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Whole Foods 'natural' addition for city

Thursday, October 17, 2002

By Marlene Parrish

Today is opening day for Whole Foods Market. When Mayor Tom Murphy cuts the official loaf of bread at 10 a.m., it will usher in a new era of grocery marketing in Pittsburgh.

Team leader Amy Lejeune arranges some of the 250 types of cheese that will be sold at the Whole Foods Store in East Liberty. The store also features a "cheese aging case." (Darrell Sapp, Post-Gazette)

The market is at 5880 Centre Ave. on Penn Circle in East Liberty.

Founded in 1980 as a small store in Austin, Texas, Whole Foods Market now has 133 stores across the country and the District of Columbia. It is the world's largest retailer of "natural" and organic foods.

That's what sets Whole Foods apart. All products sold in the store must be "all-natural" to get in the door, and when possible, they will be organic. Here's what that means to you the consumer.

A definition governs use of the term organic. As of Oct. 21, any food sold as organic in the United States will have to meet criteria set by the U.S. Department of Agriculture. The National Organic Rule -- the product of 10 years' deliberation by growers, scientists and consumers -- reserves the terms "100 percent organic" and "organic" (at least 95 percent) for foods produced without hormones, antibiotics, herbicides, insecticides, synthetic fertilizers, genetic modification or germ-killing radiation.

There are four levels of organic:

100 percent organic: contains 100 percent certified organic ingredients. Typically a one-ingredient food, such as fruits and vegetables.

Organic: contains 95 percent or more organic ingredients.

Made with organic ingredients: Must contain at least 70 percent organic ingredients.

Some organic ingredients: less than 70 percent of the ingredients are organic.

The term "all-natural" is harder to pin down, because no national standard has been developed for "natural" products.

The term is applied broadly to non-organic foods produced without artificial additives, sweeteners, colorings, hormones, antibiotics or preservatives and only minimally processed. Unfortunately, the word natural may appear on the label of anything at all, not only foods, at the manufacturer's whim.

One wonders how the Whole Foods management picked Pittsburgh, known more for its intake of pierogies and kielbasa than for good-for-you food.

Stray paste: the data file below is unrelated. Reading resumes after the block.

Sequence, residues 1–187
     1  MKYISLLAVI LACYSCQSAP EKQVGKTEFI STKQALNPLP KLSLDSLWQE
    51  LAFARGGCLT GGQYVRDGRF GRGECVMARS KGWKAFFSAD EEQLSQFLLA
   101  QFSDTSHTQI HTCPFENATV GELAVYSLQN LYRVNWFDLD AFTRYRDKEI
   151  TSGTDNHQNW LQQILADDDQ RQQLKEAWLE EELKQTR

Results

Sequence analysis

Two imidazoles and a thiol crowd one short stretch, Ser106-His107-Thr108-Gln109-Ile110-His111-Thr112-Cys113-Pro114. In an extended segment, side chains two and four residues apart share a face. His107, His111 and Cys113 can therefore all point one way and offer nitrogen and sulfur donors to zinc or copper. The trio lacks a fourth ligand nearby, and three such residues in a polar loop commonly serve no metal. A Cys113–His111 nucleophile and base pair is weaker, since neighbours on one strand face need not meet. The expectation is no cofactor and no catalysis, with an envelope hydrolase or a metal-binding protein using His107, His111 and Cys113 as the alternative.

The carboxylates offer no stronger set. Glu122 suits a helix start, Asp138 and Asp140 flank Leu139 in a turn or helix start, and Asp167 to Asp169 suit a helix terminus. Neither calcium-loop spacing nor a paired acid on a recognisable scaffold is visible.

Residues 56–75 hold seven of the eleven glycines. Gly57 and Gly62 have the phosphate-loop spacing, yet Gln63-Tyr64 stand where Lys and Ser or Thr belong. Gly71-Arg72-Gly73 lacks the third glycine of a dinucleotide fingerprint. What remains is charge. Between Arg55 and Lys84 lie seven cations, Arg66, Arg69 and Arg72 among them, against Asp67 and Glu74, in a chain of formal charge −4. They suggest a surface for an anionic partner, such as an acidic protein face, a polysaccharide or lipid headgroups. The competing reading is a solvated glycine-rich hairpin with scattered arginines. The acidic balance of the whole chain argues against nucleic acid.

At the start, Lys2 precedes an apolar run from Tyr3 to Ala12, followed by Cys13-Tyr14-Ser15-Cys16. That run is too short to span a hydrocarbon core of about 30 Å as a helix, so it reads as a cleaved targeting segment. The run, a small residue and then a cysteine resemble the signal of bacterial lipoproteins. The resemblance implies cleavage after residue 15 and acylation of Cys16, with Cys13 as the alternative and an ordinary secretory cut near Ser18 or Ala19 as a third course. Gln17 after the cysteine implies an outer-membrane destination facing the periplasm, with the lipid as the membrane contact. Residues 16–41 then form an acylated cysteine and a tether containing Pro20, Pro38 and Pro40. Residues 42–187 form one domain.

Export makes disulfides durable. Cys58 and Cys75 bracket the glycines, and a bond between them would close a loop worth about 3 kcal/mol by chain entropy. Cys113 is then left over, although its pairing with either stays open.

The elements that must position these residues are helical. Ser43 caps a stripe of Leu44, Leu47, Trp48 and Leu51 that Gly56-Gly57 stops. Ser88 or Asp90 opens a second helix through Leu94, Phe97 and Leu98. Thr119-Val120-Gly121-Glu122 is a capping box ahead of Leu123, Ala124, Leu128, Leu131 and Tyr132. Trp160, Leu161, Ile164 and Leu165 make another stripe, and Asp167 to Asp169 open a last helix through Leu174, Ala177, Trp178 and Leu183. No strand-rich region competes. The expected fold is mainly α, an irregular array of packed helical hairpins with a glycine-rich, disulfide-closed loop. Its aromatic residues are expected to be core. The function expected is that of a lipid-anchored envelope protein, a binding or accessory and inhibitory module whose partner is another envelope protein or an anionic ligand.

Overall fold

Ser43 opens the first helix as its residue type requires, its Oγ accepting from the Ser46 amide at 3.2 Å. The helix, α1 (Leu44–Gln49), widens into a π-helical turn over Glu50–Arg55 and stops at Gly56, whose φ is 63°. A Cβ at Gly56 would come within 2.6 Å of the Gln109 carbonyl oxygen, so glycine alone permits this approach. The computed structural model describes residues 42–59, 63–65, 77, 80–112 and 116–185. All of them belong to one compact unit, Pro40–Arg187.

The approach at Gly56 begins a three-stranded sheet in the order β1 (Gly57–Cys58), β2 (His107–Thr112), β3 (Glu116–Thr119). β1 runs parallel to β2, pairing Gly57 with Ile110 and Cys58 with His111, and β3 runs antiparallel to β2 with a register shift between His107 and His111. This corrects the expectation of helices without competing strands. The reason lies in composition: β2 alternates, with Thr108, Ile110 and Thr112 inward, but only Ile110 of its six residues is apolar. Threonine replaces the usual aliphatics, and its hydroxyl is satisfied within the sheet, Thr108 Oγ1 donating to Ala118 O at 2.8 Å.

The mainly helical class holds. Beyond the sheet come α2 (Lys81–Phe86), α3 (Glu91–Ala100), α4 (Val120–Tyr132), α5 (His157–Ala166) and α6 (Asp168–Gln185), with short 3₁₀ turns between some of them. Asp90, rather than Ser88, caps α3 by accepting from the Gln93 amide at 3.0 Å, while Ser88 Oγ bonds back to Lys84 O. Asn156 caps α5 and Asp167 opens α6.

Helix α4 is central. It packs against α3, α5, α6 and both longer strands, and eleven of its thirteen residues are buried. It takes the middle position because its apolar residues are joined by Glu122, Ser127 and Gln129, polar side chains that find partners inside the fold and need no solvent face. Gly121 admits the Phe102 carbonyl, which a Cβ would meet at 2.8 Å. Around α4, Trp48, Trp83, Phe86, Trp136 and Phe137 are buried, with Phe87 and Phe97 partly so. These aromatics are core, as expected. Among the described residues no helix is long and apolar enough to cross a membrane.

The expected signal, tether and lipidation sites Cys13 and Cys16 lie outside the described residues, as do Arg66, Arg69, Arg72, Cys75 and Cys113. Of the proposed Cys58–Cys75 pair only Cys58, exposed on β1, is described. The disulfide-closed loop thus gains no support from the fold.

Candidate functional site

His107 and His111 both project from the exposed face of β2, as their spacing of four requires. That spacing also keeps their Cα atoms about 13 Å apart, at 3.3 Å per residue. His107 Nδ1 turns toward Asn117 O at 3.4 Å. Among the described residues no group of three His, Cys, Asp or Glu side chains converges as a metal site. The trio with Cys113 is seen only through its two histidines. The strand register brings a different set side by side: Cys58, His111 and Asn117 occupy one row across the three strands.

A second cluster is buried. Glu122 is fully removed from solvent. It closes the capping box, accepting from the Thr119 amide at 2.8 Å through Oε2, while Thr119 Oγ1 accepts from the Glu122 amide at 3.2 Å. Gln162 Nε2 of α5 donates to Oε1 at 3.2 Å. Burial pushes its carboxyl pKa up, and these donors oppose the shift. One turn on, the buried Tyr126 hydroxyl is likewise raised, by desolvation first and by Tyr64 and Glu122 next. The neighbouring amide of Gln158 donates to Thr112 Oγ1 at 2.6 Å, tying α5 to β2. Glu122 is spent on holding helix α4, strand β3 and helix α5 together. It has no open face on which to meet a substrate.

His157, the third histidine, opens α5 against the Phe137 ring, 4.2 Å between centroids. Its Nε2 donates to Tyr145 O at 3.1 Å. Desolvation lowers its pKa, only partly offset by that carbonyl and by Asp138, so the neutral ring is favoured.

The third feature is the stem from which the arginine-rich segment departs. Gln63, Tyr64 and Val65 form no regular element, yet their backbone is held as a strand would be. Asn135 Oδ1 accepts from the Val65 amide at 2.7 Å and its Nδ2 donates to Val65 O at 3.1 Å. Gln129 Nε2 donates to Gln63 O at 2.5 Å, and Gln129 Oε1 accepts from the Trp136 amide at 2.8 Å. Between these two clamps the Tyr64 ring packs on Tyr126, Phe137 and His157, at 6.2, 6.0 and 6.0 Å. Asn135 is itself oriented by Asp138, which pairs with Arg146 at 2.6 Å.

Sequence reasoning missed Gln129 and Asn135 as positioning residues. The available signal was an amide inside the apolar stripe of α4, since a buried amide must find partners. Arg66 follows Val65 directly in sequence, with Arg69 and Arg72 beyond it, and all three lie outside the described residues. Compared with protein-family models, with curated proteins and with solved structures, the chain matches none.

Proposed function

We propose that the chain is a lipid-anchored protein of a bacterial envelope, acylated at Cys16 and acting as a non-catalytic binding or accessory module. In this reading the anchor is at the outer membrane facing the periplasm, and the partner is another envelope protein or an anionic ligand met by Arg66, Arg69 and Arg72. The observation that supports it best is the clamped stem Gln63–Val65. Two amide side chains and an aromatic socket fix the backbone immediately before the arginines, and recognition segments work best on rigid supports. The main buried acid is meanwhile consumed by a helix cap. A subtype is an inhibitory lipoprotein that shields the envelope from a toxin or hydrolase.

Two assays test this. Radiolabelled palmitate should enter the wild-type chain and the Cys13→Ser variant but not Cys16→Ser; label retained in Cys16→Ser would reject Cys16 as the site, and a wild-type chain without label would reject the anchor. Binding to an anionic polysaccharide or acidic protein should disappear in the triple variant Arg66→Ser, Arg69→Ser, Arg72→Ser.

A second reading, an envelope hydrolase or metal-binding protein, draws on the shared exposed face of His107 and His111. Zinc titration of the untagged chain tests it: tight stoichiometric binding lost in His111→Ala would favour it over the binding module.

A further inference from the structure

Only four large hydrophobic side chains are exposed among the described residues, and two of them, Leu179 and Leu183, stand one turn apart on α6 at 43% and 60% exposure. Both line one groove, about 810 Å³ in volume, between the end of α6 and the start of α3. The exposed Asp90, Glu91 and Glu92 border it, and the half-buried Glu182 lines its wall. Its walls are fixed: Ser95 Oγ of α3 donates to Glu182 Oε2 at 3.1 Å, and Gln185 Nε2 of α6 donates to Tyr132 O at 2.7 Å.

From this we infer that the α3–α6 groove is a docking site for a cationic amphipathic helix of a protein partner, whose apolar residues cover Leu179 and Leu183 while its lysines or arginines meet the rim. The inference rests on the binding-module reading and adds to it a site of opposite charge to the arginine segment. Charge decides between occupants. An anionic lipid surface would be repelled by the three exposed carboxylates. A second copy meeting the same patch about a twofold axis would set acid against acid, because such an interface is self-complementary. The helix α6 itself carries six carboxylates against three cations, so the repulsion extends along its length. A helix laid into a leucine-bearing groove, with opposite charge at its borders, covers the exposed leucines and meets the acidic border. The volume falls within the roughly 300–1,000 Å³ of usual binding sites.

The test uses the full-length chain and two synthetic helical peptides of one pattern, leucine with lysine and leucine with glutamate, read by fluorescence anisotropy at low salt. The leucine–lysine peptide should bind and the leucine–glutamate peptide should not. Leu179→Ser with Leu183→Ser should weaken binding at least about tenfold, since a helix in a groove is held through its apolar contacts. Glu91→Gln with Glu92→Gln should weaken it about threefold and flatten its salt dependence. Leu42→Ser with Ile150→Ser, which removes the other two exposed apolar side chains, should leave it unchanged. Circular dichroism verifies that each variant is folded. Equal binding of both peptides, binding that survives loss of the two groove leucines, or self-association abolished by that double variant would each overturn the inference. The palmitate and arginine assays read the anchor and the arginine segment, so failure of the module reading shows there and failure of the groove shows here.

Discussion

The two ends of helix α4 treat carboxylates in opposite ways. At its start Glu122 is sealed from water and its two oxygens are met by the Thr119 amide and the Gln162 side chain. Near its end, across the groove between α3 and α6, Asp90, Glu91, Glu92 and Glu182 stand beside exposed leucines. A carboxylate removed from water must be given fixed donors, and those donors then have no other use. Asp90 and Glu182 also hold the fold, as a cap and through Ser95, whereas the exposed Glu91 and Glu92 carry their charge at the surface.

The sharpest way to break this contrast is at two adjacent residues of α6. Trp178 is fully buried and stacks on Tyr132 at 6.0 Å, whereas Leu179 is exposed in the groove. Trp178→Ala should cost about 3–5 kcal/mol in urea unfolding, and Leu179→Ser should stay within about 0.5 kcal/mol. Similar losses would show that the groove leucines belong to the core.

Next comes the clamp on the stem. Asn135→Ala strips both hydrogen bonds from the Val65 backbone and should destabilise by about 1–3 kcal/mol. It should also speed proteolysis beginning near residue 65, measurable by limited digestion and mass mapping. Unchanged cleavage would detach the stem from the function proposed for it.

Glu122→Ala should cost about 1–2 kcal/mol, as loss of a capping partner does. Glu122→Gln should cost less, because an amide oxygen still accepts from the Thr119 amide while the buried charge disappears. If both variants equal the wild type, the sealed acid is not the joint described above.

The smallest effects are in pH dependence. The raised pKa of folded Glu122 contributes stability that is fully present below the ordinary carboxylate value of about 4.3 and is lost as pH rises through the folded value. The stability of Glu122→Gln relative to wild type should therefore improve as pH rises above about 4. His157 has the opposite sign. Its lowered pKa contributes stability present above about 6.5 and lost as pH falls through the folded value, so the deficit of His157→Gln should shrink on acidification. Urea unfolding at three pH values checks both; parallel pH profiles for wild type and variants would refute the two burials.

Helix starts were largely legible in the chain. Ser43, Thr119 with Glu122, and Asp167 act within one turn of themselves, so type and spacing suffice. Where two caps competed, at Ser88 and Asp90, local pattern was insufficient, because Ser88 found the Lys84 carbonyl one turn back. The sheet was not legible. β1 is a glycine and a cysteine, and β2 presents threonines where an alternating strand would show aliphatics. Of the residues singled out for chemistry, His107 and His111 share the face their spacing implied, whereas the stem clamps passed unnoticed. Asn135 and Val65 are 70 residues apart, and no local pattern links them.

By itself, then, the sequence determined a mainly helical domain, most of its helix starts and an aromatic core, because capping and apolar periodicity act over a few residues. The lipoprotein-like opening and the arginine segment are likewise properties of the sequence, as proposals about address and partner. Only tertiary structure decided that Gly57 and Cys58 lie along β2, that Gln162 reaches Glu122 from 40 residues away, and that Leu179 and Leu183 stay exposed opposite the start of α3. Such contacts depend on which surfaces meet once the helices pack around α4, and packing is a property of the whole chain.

Whole Foods featured at bookshop LE

Joining Mystery Lovers Bookshop and Cafe in Oakmont in celebrating its 12th birthday on Halloween will be a "special guest" with samples from Whole Foods Market and the Whole Foods Market cookbook, "A Guide to Natural Foods with 350 Recipes" (Clarkson Potter, $12.95) by Steve Petusevsky and the Whole Foods Market team.

The event starts at 7:30 p.m. Oct. 31. The Halloween celebration also includes a 10-cent book sale benefiting Beginning With Books at 9 p.m. and free cappuccino from 9 p.m. to midnight.


"Pittsburgh is a good food city," says Casey Dill, store team leader (general manager, to you). "It has everything Whole Foods looks for in a location: college town, educated population, great arts scene, many good restaurants, and it is culturally and ethnically diverse. It also needs more food diversity and shopping options."

A mission of the Whole Food stores is to obtain products from all over the world, as well as from small, local and uniquely dedicated food artisans.

"Seasonally, we look forward to working with local farmers in Western Pennsylvania," says Dill, a New Englander whose parents grew up in Fox Chapel.

To start, many Pittsburgh products will be in the store. Artisan breads are supplied by Nick Ambeliotis' MediTerra bakery on the Parkway West. Bagels are made fresh daily at The Bagel Factory in Shadyside. Pierogies Plus makes the local favorites. Coffee is from Coffee Tree, and there's a search for a local supplier of fresh eggs. Umi, one of the restaurants of big Burrito Group, will run the daily sushi program. About 100 local Pittsburghers staff the store.

Loyal Whole Food customers in cities such as Seattle and Chicago have been known to call the store "Whole Paycheck."

"We hear that, but it's not true," says Dill. "You can shop here for groceries you can find in any category in any supermarket. The difference is about quality and standards. Our prices, however, are comparative or better than the local markets."

Let's shop

But enough bragging. Put on your reading glasses, because this store is all about labels. Let's cruise the aisles.

Here are some products you will and won't see. Look for these house brands: 365, Whole Foods and Whole Kids. Instead of Coke and Pepsi, there are spritzy fruit drinks. Instead of Pampers for Baby's bum, you'll find Tushies. What you will not find are the extensive wine and beer selections found in markets outside Pennsylvania.

Many products are shelved in the waxed cardboard containers known as aseptic packages. Tight, air-free containers, they hold sterilized foods that have long shelf lives without the need for preservatives or refrigeration.

Produce -- Bountiful bins of fruits and vegetables are hand-stacked. See multiple varieties of mainstream items such as apples and oranges, but check out the unusual selection of seasonal, exotic and specialty products such as cippolini onions and cactus pears. You can see for yourself what organic produce ought to look and taste like.